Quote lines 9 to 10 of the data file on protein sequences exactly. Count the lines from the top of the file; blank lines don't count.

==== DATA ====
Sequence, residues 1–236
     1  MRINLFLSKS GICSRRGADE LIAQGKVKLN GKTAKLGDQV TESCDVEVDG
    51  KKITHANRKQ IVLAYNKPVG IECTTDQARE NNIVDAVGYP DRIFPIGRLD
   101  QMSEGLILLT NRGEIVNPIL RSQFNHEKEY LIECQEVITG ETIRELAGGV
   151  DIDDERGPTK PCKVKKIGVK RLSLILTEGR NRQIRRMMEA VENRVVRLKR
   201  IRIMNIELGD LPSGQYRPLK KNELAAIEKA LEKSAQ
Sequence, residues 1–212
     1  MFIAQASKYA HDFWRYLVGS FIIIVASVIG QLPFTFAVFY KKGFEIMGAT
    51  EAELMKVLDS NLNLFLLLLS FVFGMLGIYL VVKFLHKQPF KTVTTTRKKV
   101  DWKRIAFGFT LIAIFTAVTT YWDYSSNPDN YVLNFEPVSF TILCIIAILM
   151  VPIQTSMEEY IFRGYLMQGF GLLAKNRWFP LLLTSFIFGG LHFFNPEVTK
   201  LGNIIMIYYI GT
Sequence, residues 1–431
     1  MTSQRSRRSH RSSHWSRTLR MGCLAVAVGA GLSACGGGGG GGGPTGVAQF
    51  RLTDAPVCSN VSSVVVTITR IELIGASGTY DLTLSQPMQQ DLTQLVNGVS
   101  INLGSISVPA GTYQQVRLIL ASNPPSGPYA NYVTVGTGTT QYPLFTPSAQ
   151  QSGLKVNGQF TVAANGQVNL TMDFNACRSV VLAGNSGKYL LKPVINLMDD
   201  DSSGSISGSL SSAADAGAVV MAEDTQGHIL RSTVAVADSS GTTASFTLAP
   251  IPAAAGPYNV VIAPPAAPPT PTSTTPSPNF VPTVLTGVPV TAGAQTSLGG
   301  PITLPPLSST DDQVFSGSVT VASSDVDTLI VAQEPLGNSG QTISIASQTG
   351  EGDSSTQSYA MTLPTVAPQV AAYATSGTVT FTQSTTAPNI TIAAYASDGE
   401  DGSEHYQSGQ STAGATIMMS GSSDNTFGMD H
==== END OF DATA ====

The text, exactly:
    51  EAELMKVLDS NLNLFLLLLS FVFGMLGIYL VVKFLHKQPF KTVTTTRKKV
   101  DWKRIAFGFT LIAIFTAVTT YWDYSSNPDN YVLNFEPVSF TILCIIAILM